Adam McKay (Will Ferrell's creative partner and the director of Step Brothers, Talladega Nights, and Anchorman) is angry. He's sick of corporate malfeasance, Ponzi schemes, and government bailouts. He's so mad that he's decided to make a movie about it. But instead of getting on a soap box, he's using his weapon of choice: crazy comedy. He's enlisted some major league help, including Will Ferrell, Mark Wahlberg, Samuel L. Jackson, Dwayne Johnson, Anne Heche, Steve Coogan, Michael Keaton, and even Derek Jeter. And it appears his rage has given him focus, as The Other Guys is both McKay's and Ferrell's best film sinceAnchorman, and also the closest McKay has yet come to forging a real narrative.
Allen Gamble (Will Ferrell) and Terry Hoitz (Mark Wahlberg) aren't super cops. In fact, they're the bane of the NYPD. Gamble is a pencil pusher, following trails of un-filed paperwork and other minor infractions. Hoitz, on the other hand, is a highly trained and dangerous individual, but due to an accidental shooting of Derek Jeter while at a baseball game, he's stuck partnered with Gamble. When the city's actual supercops (Sam Jackson and Dwayne Johnson in hilariously over the top roles) jump off a building in an attempt to catch some diamond thieves, it leaves an opening in the department that Hoitz wants to exploit. To that end, the two go after David Ershon (Steve Coogan), an investment mogul who has been losing money left and right and who the pair believe is in the midst of a massive Ponzi scheme, even though it goes against the wishes of the DA and their own captain (Michael Keaton).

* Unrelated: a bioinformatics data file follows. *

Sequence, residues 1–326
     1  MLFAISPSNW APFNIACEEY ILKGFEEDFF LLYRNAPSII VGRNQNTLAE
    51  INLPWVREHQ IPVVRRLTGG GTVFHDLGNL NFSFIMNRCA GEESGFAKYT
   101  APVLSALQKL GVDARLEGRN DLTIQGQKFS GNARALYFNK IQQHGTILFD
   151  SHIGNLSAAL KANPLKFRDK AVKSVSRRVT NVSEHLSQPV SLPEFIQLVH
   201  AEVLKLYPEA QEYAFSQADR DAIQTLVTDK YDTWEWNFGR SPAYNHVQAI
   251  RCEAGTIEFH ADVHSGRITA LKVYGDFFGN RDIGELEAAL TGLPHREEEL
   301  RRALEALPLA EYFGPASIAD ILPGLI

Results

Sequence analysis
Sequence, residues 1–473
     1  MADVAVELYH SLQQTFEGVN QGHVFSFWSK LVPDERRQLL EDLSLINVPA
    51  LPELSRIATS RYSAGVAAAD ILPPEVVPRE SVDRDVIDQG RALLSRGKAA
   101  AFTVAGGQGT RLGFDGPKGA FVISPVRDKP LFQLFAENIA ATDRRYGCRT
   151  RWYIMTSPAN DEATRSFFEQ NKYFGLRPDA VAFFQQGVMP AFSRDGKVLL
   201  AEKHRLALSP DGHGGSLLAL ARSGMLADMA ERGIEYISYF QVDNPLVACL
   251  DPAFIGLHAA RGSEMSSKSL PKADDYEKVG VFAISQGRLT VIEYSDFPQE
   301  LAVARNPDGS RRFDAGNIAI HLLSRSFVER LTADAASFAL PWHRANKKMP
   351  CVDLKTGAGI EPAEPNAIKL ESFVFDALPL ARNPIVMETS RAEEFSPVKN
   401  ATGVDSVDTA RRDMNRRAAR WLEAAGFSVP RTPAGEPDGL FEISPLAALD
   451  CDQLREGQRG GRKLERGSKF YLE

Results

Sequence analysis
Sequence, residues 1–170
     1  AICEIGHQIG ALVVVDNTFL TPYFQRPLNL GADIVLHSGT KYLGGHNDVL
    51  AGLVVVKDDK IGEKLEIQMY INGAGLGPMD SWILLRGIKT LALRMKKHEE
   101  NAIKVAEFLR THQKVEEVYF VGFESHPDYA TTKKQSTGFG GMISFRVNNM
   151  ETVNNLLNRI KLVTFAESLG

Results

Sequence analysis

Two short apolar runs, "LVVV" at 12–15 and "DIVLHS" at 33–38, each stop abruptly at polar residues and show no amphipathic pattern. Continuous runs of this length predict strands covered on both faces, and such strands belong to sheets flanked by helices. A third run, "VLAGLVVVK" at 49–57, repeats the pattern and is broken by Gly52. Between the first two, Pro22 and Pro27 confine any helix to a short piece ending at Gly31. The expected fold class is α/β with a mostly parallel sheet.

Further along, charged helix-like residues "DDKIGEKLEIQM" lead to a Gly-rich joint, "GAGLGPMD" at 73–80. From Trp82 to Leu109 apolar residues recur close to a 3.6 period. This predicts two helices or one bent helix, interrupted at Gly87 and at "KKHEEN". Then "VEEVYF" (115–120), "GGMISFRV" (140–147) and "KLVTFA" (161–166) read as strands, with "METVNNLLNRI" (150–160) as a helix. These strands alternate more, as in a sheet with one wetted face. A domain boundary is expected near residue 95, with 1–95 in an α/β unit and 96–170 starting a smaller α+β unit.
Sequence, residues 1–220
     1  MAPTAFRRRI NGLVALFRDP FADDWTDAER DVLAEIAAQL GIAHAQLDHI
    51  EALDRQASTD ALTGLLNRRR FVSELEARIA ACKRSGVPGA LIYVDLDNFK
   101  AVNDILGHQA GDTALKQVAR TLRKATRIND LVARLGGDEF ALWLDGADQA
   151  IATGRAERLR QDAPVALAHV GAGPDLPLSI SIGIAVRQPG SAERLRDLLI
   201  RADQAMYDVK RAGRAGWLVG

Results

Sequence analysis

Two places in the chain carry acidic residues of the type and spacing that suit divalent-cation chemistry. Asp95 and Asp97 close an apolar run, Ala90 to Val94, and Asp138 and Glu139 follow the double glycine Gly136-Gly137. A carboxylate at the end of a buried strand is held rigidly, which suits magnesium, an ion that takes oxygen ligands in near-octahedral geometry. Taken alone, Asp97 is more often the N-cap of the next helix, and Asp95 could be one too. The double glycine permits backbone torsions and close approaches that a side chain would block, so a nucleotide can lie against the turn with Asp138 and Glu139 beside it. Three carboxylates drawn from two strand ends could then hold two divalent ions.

The Other Guys is a bizarre piece of cinema. It's clear that McKay is genuinely annoyed at the state of financial affairs in the world today, because The Other Guys is the most focused film he's ever made. It's also clear that McKay still loves the kind of off-the-wall humor that's made him and Will Ferrell famous, becauseThe Other Guys is pretty weird for a mainstream comedy. Homeless sex orgies in a Prius, flying peacocks, a police captain who can't stop quoting TLC, the movie is a strange piece of work. However, compared to Talladega Nights or Step Brothers, it's downright demure. A lot of that can be attributed to Will Ferrell's portrayal of Allen Gamble. In general, when Ferrell stars in a film, he plays a giant overconfident buffoon. It's become disappointingly one-note as his career has progressed. Here, Ferrell plays Gamble as an overly meek, play it safe at any cost kind of guy. It's a refreshing change of pace that allows Ferrell to play a real character instead of a caricature. Further, the fact that the film is grounded in a solid police procedural helps sell the outrageous moments, as they are now a counterpoint instead of the meat of the film.
Mark Wahlberg is also an excellent comedic asset, delightfully jumping in to the insanity with both feet. He plays Hoitz to the hilt, making a perfect counterpoint to Ferrell's restraint. The two are a match made in comedy heaven, each partner bringing out the best in the other. The rest of the cast is strong, with Steve Coogan doing a great job of being in over his head, and it's always nice to see Michael Keaton back in a comedic role. A friend of mine described Sam Jackson and Dwayne Johnson's involvement as "The most entertainment per minute that they've ever provided," and I am inclined to agree with that statement. Eva Mendes is hilariously sincere as Gamble's put-upon wife. The movie relies more on running jokes than many of Ferrell's film, but they're carefully chosen for maximum impact.
The Other Guys is hilarious, but more importantly, it's the first step forward McKay and Ferrell have taken in ten years. The film is well-cast, well written, bizarre, but ultimately really funny. I can only hope that this is the start of a new phase in McKay and Ferrell's careers, as prior to The Other Guys, their schtick was getting really old.